When visiting popular tourist destinations, do you want to snap a selfie with the likes of The Big Ben, The Eiffel Tower or Santorini in the backdrop? Of course, we all do, it is natural. In doing so, a photo will forever offer instant context to the wide smile on your face. You were there.
Since 2010, thanks to Instagram, this same phenomenon has grown a pair of wings. As a photo and video-sharing network, Instagram’s billion users are inspired by beautiful frames. As a result less known, yet “Instagram-worthy” backdrops gain instant popularity. Sugarhouse Studios’ selfie wall in East London is a great example of this. The pastel cement tiling wall was meant to serve as eye-candy for the adjacent Architecture Studio (Assemble). But it became an Instagram hit, and people were drawn to it from far and wide.
From murals in cities across the world to large outdoor sculptures and colourful buildings, Instagram has helped place many attractions on the map. Literally. Geotagging allows users to not only locate the most Instagrammable places nearby but also view a showcase of the most liked photographs taken there.
As if overnight, Instagrammability became less “accidental” and more planned. The Broad Museum in Los Angeles is just one of the many buildings designed with its photographability in mind.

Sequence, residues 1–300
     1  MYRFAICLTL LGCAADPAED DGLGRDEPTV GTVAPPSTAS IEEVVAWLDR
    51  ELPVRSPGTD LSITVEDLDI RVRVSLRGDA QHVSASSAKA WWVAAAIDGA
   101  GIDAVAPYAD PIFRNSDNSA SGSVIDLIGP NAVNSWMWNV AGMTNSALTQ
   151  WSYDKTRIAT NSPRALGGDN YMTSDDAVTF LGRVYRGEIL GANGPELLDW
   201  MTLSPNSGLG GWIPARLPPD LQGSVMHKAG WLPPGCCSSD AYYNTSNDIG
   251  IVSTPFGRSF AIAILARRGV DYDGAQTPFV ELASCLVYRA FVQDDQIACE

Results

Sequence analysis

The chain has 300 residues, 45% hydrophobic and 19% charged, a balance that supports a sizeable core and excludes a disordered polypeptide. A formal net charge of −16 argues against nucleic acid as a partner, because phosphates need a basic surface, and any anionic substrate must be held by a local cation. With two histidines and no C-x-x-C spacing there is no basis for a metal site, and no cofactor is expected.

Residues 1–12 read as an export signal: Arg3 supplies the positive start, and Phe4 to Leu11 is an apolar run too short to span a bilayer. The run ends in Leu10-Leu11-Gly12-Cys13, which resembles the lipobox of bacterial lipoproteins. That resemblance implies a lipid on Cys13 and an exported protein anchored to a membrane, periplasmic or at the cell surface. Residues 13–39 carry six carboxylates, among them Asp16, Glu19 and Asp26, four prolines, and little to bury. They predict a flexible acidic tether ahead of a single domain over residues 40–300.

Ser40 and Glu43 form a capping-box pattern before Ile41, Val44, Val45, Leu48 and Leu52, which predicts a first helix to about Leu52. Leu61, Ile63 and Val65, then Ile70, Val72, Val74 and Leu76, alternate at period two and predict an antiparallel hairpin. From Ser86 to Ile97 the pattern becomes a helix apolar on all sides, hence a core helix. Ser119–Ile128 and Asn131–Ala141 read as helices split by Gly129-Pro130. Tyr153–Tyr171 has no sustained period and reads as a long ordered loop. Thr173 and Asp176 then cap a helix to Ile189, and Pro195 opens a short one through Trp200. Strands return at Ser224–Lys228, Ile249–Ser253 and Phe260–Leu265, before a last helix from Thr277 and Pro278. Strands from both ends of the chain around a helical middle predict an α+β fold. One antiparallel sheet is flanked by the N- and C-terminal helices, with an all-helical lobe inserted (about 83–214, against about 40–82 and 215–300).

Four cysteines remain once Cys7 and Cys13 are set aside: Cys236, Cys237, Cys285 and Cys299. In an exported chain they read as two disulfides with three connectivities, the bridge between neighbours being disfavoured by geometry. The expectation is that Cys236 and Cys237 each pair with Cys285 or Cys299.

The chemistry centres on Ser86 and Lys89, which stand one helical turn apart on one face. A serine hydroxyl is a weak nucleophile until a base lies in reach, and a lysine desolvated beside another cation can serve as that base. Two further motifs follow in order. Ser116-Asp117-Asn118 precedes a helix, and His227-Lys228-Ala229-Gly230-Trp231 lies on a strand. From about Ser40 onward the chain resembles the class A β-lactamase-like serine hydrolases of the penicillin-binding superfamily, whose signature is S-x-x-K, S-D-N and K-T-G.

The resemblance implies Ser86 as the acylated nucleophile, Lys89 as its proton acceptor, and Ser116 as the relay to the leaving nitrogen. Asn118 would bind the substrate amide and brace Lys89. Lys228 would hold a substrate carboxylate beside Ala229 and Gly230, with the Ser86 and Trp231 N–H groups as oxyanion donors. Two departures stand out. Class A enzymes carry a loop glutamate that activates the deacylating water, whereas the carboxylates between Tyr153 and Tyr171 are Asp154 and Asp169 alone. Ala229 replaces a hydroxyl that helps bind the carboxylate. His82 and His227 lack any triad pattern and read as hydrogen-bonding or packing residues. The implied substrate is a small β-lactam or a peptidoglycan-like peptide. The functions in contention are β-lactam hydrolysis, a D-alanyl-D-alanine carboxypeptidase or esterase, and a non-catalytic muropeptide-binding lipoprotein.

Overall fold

In fact, “Instagrammability” has become part of the Architectural brief.
So to answer the question…
Yes, and no.
Creating Instagrammable spaces are ideal for boosting tourism and launching new attractions. It is also a way to push the design envelope to create spaces that invite and captivate.
British Architect Farshid Moussavi couldn’t have said it better when she said: “Instagram is reinforcing the fact that space matters, which can only be a good thing for designers and architects.”
If Instagram is creating interest in the spaces we design, the news is of course good.
However, there is a flipside to this. If one favours phographability above function or opts for materials that aren’t practical or future-minded, the result will inevitably be short-lived.
In the fast-paced world of social media there will always be the copycats and the innovators; those that follow and those that do. Architects can use Instagram to learn from the latter to gather an understanding of the way people use and interact with the built environment.
As Architects, we ultimately design with human function and purpose in mind and aim to achieve this as aesthetically as possible. The photographability thereof is somehow a happy coincidental by-product when getting it this right.
As a modern Architecture firm in Johannesburg, Veld Architects allow ourselves to be inspired by you and what you love. In incorporating regenerative and sustainable principles into the project, each building we design becomes timeless and photogenic in its own right.
Join the Veld Lifestyle. Make your next home, a Veld home!
Lots of love,